25 local green 'FIT' energy projects (con't)
The Pelee Island Winery will generate 250 kilowatts.
Company president Walter Schmoranz said the winery hasn’t decided whether the panels will be at the winery itself on the island or at its Kingsville store and office.
He said the company still isn’t sure if transporting the power from the island to the mainland “is doable.”
The panels would take up 50,000-60,000 sq. ft.
Schmoranz said his firm learned about the program last year as a way to generate revenue by feeding power into the provincial electricity grid.
But he said it would require a “hefty investment.”
Nevertheless he hopes revenue generated form the sale of power will offset the winery’s energy costs.
“I hope eventually our energy intake will be neutral.”
Under the provincial Feed-In Tariff (FIT) program homeowners or businesses can be paid to generate power from a variety of alternate energy sources – from roof top solar panels to onshore wind to biomass.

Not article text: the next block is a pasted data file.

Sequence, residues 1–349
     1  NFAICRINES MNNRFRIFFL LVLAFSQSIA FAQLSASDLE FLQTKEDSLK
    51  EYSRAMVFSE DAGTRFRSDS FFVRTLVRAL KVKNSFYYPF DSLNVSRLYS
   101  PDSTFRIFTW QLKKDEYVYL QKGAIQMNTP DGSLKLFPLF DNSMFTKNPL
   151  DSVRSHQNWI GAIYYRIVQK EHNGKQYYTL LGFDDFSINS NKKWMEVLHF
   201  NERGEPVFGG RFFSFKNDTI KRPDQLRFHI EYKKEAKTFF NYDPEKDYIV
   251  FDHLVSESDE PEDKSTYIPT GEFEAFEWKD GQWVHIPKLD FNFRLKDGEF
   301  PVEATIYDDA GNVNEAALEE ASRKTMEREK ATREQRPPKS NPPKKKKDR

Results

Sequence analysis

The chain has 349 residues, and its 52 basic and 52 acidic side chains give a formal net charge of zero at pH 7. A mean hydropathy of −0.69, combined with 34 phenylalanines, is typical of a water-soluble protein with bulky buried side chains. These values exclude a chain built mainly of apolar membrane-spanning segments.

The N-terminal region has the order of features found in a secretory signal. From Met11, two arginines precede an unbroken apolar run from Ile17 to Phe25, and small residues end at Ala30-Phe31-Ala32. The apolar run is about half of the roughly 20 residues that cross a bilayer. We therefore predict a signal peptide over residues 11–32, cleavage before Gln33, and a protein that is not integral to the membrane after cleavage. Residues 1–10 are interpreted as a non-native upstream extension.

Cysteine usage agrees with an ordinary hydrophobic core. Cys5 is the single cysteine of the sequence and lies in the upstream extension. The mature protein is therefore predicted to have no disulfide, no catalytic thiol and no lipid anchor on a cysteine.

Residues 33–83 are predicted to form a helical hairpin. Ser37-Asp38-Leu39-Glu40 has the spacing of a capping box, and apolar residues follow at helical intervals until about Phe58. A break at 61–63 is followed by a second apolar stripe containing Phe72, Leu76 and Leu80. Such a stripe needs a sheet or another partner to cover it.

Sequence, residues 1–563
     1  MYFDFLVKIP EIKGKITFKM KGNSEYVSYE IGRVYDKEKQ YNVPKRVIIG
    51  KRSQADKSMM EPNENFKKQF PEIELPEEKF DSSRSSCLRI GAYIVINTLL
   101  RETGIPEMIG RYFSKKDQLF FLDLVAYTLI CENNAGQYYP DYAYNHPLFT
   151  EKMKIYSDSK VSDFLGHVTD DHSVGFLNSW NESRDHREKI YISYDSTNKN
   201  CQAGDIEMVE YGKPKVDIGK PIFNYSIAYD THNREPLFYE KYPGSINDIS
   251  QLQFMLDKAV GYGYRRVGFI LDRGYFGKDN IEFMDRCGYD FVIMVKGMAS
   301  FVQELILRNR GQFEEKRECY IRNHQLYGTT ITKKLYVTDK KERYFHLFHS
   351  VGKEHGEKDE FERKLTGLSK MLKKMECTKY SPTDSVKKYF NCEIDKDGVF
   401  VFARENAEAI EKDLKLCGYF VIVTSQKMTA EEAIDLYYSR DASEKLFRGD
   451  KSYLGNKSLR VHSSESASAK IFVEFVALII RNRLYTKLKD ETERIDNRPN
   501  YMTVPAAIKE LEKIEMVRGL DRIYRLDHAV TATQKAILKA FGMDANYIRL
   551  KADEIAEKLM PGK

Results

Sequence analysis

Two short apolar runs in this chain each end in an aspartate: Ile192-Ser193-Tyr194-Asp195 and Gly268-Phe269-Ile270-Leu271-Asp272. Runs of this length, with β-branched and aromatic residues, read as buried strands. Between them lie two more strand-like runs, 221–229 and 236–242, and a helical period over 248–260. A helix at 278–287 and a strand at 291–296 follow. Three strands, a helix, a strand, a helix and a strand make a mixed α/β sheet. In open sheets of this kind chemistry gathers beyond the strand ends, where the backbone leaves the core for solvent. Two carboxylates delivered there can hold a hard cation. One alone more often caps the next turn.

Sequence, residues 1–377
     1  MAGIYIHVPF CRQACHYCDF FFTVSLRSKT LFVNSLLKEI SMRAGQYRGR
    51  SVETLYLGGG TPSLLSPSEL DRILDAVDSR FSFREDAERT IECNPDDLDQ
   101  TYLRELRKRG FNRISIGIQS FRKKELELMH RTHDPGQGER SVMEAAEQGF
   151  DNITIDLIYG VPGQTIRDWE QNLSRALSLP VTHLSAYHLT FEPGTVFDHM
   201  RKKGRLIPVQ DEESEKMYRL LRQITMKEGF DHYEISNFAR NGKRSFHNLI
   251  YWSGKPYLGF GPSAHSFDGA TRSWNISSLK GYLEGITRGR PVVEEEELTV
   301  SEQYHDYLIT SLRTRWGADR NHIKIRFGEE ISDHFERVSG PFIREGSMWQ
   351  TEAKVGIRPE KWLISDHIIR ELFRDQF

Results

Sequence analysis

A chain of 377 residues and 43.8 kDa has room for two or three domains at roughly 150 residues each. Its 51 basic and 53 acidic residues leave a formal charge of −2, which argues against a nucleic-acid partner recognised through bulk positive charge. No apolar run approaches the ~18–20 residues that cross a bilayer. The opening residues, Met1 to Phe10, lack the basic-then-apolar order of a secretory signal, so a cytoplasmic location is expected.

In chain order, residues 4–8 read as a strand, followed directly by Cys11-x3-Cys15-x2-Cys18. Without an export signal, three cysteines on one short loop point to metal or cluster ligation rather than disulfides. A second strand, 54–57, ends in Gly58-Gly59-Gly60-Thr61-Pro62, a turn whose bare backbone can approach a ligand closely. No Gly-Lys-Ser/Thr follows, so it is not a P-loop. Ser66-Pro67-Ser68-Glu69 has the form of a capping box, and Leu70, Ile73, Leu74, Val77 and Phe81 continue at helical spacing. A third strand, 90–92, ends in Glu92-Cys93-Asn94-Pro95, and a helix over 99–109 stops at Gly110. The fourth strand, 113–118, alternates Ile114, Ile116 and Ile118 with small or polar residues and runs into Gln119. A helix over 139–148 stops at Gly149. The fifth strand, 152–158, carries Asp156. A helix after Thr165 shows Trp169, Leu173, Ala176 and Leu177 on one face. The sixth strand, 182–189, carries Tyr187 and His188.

The David Suzuki School would have capacity for 38 kilowatts.
A project at Tecumseh Arena by Essex Powerlines will generate 500.
The River Canard Energy Wind Farm was approved for 500.
Local Real Canadian Superstores on Walker Rd. and Dougall Sq would generate 375 and 135 respectedly.
The Zehrs Great Food in LaSalle would generate 250 kilowatts.
The No Frills in Amherstburg has capacity for 100.
Loblaw has been approved for 136 Ontario stores.
It will initially launch four solar panel pilot projects – in the Toronto and Ottawa areas – “and then evaluate the next phase of rollouts,” the province says.
Overall 112 megawatts from the 510 projects will be generated, enough power for more than 13,000 homes, Duguid said.
Also today the province announced that 700 individual residents “from Ottawa to Windsor” were approved to generate electricity under the microFIT program or 10 kilowatts or less.
These include homeowners, farmers and small businesses.